59. The hydrogen storage system of claim 55, wherein the plurality of lattice defects include a substantial number of defects characterized by hydrogen atoms coupled to a molecular lattice in place of atoms of the at least one light element that are removed from the lattice.

60. The hydrogen storage system of claim 55, wherein the plurality of lattice defects include a substantial number of defects characterized by a plurality of molecular lattice pentagons coupled to a plurality of molecular lattice heptagons.

61. The hydrogen storage system of claim 60, wherein the plurality of molecular lattice pentagons and the plurality of molecular lattice heptagons are coupled in 5-7 neighbor pairs in the plurality of nanostructures.

62. The hydrogen storage system of claim 55, wherein the plurality of lattice defects include a substantial number of defects characterized by an electron donor atom coupled to a molecular lattice of the plurality of nanostructures.

63. The hydrogen storage system of claim 55, wherein the plurality of lattice defects include a substantial number of defects characterized by an electron acceptor atom coupled to a molecular lattice of the plurality of nanostructures.

64. A method of making a hydrogen storage system, comprising: forming a storage material comprising a plurality of nanostructures of at least one light element, wherein the plurality of nanostructures are selected from the group consisting of nanoplatelets, nanocages, nanococoons, nanotorii, nanotubes, nanofibers, nanorods, nanowires, buckyballs, nanocoils, and nanohoms, the at least one light element is selected from the group consisting of Be, B, C, N, O, F, Mg, P, S, and Cl, and the storage material is characterized by a binding energy to adsorbed hydrogen substantially greater than 0.10 eV; and adsorbing hydrogen using the storage material.

65. The method of claim 64, wherein the adsorbing step is performed below a desorption temperature, wherein the desorption temperature is greater than 60 K.

66. The method of claim 64, wherein the forming step further comprises forming the storage material by combining at least two light elements selected from the group consisting of Be, B, C, N, O, F, Mg, P, S, and Cl.

67. The method of claim 64, wherein the forming step further comprises forming the storage material using a chemical vapor deposition synthesis and a flow of doping gas.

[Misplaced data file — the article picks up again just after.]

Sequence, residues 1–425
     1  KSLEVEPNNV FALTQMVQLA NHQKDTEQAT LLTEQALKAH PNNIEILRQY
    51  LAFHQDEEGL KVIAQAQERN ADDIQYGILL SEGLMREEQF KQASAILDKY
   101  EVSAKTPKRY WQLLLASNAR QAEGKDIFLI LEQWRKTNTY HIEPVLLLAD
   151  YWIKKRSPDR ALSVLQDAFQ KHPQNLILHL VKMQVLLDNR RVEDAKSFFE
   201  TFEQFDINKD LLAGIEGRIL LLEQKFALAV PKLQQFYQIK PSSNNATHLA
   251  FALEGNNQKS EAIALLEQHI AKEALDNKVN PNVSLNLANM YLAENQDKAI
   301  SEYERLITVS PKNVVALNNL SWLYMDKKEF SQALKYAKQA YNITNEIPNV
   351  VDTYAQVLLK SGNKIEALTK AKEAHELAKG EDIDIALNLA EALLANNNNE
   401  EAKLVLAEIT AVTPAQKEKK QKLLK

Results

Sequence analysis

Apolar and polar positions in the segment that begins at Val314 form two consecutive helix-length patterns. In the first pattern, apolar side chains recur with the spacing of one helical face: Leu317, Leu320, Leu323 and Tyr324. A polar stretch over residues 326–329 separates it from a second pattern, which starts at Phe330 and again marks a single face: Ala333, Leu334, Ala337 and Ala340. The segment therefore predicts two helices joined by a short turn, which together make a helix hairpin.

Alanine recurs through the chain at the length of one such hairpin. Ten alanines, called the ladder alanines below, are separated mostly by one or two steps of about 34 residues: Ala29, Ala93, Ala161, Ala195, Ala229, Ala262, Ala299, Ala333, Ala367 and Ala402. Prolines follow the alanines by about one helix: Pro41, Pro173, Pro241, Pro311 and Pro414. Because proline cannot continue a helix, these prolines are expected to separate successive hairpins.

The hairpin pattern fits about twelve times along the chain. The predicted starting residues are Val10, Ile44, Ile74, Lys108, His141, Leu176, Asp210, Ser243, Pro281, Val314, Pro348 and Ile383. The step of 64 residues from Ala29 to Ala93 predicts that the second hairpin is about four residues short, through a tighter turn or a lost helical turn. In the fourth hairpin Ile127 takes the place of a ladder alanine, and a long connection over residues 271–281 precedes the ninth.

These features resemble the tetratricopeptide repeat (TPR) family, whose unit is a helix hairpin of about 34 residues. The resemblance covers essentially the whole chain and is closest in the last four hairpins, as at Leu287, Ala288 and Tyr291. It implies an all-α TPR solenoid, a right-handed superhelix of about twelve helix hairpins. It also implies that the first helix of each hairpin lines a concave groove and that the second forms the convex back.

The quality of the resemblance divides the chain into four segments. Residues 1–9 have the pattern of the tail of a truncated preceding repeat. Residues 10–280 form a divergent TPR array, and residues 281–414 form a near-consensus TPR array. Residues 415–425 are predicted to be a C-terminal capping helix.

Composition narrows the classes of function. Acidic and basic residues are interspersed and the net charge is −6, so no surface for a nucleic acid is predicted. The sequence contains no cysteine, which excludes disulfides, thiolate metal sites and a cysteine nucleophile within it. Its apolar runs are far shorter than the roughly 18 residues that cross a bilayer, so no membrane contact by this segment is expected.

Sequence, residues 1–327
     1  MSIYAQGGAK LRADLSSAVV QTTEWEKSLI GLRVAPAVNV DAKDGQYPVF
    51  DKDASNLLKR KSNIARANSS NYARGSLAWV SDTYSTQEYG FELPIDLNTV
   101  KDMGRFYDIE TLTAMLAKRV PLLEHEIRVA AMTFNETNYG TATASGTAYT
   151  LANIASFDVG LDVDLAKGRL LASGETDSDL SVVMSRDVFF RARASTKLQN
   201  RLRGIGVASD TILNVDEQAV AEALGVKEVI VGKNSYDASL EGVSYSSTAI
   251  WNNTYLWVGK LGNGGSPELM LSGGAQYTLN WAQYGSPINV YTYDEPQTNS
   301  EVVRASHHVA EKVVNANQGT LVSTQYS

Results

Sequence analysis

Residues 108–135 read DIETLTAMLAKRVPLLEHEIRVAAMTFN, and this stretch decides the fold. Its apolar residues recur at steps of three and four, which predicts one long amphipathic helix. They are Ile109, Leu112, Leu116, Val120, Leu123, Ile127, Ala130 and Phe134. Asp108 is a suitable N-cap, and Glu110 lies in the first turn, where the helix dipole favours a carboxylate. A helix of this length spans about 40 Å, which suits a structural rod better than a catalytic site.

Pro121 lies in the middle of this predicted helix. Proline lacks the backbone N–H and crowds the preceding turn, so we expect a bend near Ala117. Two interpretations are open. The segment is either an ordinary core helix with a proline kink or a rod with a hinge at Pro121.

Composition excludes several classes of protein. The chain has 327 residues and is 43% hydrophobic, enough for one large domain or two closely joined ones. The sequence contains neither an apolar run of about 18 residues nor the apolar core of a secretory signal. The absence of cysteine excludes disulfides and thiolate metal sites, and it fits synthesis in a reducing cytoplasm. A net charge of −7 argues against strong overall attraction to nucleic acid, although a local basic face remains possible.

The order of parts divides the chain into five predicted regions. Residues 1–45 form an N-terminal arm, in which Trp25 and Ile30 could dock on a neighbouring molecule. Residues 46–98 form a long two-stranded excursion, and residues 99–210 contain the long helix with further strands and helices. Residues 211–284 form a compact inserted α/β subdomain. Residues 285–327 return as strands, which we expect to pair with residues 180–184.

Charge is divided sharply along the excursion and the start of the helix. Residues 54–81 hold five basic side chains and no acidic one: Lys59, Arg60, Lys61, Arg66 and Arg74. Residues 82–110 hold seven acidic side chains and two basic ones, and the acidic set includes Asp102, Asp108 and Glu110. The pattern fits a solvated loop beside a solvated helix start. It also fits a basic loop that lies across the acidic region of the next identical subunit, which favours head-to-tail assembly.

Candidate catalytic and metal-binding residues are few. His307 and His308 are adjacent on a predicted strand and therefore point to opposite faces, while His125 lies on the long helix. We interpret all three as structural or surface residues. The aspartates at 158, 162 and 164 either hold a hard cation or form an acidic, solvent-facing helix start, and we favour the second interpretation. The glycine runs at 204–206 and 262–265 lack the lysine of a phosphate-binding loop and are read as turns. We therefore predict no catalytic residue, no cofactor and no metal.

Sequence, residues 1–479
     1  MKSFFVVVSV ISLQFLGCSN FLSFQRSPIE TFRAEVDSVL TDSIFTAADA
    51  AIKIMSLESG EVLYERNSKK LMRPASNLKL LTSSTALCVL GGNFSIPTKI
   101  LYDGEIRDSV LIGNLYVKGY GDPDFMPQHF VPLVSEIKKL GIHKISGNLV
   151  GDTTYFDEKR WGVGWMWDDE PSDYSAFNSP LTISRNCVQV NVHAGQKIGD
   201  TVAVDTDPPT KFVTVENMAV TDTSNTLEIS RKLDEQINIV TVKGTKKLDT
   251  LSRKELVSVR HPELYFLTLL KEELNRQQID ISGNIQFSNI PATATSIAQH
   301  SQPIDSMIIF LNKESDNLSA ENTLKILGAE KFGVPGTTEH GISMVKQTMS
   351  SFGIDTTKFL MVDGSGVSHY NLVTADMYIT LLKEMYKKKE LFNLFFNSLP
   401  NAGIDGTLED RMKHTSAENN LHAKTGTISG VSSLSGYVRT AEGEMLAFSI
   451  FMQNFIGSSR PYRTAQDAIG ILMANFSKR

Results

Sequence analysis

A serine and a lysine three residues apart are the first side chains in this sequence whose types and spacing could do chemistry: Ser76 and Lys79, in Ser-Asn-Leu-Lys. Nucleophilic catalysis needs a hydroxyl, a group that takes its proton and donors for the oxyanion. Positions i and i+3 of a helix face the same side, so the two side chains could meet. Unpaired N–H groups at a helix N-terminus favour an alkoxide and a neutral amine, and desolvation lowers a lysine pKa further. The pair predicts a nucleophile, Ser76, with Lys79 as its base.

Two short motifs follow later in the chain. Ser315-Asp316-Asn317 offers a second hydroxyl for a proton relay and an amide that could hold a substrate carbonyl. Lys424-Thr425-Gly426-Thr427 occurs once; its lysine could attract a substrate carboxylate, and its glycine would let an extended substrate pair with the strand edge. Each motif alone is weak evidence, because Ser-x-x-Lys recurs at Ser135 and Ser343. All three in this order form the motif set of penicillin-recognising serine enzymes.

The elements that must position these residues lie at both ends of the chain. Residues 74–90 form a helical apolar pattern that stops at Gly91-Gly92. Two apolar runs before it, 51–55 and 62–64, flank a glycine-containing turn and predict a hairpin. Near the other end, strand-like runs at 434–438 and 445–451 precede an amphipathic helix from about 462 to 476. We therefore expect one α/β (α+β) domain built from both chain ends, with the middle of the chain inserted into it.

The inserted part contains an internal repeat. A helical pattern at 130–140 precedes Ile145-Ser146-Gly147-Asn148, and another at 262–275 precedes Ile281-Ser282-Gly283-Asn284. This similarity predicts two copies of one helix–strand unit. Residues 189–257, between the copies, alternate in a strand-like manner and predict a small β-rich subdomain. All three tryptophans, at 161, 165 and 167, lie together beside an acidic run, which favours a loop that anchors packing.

68. The method of claim 67, wherein the forming step further comprises forming the storage material using a flow of doping gas, the doping gas selected from the group consisting of NH3, CH3NH2, (CH3)2NH, (CH3)3N, BCl3, BF3, B2H6, a borohydride, SiH4, Si2H6, SiCl4, SiF4, SiH2Cl2, H2S and PH3.

69. The method of claim 66, wherein the forming step further comprises forming the storage material by forming a graphite powder and the at least two light elements into an electrode, and then using the electrode to arc synthesize the plurality of nanostructures.

70. The method of claim 64, wherein the forming step further comprises forming the storage material by ball milling the plurality of nanostructures with a powdered dopant.

71. The method of claim 64, wherein the forming step further comprises forming the storage material comprising a plurality of nanostructures having a non-planar shape.

72. The method of claim 64, wherein the forming step further comprises forming the storage material comprising a plurality of nanostructures having a substantial portion of molecular lattice defects.

73. The method of claim 72, wherein the forming step further comprises forming the storage material by exposing the plurality of nanostructures to a flow of ozone, and then annealing the plurality of nanostructures by maintaining a temperature between about 400° C. and about 1800° C.

74. The method of claim 73, wherein the annealing step comprises annealing in one of a vacuum, a neutral atmosphere, and a hydrogen-containing atmosphere.

75. The method of claim 72, wherein the forming step further comprises forming the storage material by removing atoms of the at least one light element from the plurality of nanostructures by a method selected from irradiation with electrons, irradiation with neutrons, irradiation with ions, irradiation with gamma rays, irradiation with X-rays and irradiation with microwaves.

76. The method of claim 72, wherein the forming step further comprises forming the storage material by nucleating 5-7 pair defects in the plurality of nanostructures by introducing at least one of cyclopentandiene, cycloheptatriene and azulene into a flow of a chemical vapor deposition process.

77. The method of claim 72, wherein the forming step further comprises forming the storage material by providing a charge transfer material in proximity to the plurality of nanostructures, and wherein the charge transfer material is selected from an electron donor and an electron acceptor.

Description:

REFERENCE TO CROSS RELATED APPLICATIONS

The present application is related to co-pending U.S. patent application entitled: “Hydrogen Storage in Nanostructures with Physisorption,” by Keith Bradley, Philip G. Collins, Jean-Christophe P. Gabriel, Young-Kyun Kwon, Seung-Hoon Jhi, and George Grüner, attorney docket number M-12323, filed simultaneously with the present application, hereby incorporated in its entirety by reference.

BACKGROUND

1. Field of the Invention

The invention relates to hydrogen storage systems, more particularly to improving the adsorption of hydrogen in storage systems containing nanostructures.

2. Description of Related Art

Hydrogen storage is the key unsolved problem of producing fuel cells for hydrogen-powered automobiles or portable energy devices. In particular, storing hydrogen in large quantities safely and in a light container proved prohibitively difficult so far.